Monday, March 18, 2013

Turtle Excluder Device Regulation and Shrimp Harvest: The Role of Behavioral and Market Responses

In March 2013 The 2011 Hong Award for Outstanding Article in Marine Research Economics (MRE) was presented to Zinnia Mukherjee and Kathleen Segerson for "Turtle Excluder Device Regulation and Shrimp Harvest: The Role of Behavioral and Market Responses" MRE Volume 26, Issue 3, pages 173-189 which was established by Dr. Seoung-Yong Hong, President, Inha University, Incheon, Korea, and is given annually to recognize outstanding works published in MRE.

Sea turtle bycatch by commercial shrimp trawlers has been a primary threat to the U.S. marine turtle population for decades. In 1987 the U.S. government passed a federal bycatch regulation that requires all shrimpers to use ‘turtle excluder devices’ (TEDs) while fishing in U.S. waters. This article develops a theoretical model that serves to distinctly identify three ways in which the regulation affects domestic supply: i) directly through escapement when TEDs are used, ii) indirectly by affecting the fishers' choice of avoidance activities, and iii) through an effect on the equilibrium market price. We then empirically estimate the model. The results indicate that, over the 1989–2003 period, the total estimated harvest loss for the industry from TEDs was approximately equal to 2.04%, which is considerably lower than industry claims.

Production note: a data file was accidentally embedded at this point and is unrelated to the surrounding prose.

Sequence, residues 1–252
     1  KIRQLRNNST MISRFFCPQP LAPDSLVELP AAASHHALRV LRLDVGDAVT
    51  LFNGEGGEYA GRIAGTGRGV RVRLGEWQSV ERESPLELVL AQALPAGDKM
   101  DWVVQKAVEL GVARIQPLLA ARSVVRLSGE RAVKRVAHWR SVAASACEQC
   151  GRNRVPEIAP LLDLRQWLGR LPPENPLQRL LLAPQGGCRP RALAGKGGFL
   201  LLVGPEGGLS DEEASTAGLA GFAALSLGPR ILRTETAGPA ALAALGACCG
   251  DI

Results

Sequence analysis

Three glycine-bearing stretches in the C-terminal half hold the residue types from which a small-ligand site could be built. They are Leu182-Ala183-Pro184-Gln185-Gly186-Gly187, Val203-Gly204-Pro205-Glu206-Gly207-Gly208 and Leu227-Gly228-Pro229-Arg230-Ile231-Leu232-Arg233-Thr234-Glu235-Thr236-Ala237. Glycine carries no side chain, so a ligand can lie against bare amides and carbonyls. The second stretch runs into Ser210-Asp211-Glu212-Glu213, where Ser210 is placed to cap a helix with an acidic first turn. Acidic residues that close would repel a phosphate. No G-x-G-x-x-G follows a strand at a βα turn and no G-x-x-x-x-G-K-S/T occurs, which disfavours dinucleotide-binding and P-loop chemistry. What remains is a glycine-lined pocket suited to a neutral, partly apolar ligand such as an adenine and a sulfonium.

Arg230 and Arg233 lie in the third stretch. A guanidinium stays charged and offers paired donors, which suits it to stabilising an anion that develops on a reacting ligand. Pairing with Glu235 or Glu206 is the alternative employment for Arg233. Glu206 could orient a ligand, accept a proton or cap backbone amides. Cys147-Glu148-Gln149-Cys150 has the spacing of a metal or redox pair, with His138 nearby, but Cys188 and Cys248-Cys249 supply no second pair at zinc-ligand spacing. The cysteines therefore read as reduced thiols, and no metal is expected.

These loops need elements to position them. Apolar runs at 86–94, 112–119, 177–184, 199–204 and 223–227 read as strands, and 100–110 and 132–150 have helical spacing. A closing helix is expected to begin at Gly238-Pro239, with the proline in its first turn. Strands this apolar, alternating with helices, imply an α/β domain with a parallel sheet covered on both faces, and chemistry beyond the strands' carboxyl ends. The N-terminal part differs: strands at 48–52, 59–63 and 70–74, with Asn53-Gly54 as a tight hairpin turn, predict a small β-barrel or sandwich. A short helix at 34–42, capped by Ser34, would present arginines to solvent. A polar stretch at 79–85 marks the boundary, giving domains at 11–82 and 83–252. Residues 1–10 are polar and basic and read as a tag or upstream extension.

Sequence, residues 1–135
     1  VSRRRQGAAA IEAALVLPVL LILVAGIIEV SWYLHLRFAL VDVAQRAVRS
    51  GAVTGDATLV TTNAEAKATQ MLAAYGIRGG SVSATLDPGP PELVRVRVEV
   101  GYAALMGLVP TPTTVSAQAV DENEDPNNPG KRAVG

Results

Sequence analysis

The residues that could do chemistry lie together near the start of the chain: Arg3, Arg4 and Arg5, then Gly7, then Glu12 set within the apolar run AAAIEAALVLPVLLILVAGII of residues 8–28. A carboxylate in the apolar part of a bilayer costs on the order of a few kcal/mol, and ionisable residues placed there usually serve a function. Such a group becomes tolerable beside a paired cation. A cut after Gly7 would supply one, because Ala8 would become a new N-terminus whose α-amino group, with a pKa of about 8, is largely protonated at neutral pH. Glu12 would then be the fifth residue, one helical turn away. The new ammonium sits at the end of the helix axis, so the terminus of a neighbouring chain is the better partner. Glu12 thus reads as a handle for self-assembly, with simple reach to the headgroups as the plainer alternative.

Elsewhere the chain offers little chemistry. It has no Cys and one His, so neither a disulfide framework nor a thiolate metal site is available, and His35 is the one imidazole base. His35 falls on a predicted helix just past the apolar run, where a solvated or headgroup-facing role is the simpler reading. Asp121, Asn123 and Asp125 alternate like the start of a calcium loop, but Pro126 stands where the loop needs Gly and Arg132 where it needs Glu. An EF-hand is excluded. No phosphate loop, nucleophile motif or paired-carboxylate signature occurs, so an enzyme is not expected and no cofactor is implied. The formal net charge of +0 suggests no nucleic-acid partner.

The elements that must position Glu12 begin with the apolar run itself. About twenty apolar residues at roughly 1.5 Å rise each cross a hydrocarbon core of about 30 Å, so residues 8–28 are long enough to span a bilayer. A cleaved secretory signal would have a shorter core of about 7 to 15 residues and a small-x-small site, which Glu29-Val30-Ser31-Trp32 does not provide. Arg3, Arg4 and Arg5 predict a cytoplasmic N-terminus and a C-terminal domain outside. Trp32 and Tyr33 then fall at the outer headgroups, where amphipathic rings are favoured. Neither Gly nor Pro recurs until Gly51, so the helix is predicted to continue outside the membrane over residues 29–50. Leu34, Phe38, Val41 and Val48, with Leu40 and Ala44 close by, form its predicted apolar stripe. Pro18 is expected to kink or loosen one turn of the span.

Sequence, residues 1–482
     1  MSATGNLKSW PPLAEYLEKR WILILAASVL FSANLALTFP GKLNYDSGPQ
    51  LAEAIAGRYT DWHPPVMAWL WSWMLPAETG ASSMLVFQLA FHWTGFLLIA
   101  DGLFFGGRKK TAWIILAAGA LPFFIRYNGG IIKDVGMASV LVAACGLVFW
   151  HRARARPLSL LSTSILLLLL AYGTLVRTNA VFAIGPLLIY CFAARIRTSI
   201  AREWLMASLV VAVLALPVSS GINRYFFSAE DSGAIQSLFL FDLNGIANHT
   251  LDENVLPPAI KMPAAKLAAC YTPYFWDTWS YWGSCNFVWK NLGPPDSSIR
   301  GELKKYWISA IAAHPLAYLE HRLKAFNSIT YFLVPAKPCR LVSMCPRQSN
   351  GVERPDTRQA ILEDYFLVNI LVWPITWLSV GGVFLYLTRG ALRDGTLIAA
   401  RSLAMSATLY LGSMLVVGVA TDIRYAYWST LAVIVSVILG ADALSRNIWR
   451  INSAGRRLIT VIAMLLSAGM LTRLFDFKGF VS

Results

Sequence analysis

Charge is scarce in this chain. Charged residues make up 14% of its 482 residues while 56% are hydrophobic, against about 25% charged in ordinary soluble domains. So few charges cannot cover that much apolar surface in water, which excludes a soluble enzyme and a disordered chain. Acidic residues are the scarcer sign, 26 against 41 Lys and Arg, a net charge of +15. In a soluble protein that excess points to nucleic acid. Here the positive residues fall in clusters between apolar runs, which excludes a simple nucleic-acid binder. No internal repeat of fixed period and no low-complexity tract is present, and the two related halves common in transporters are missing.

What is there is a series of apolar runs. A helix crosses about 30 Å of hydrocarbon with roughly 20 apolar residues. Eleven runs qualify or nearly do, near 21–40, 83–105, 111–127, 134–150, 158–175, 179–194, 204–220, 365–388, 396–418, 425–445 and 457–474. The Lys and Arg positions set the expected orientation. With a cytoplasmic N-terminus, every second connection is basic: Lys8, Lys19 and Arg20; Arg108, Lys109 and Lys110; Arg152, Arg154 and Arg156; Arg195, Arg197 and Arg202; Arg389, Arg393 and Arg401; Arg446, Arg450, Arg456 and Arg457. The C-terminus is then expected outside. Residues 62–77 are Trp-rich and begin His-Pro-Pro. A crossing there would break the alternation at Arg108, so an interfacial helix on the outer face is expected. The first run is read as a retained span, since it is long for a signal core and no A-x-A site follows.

by Zinnia Mukherjee 1 and Kathleen Segerson 2
1. Visiting Assistant Professor, Economics Department, Connecticut College, 270 Mohegan Ave., New London, CT 06320-4196 USA. She also holds a research fellow position at American Institute of Economic Research, 250 Division St., Great Barrington, MA 01230-1000 USA (email:
2. Philip E. Austin Professor of Economics, University of Connecticut, 341 Mansfield Rd., U-1063, Storrs, CT 06269 USA (email:
Marine Resource Economics
Volume 26, Number 3; September, 2011; pages 173-189.
via/hat tip:
Keywords: Shrimp, turtle excluder devices, regulation, behavioral response

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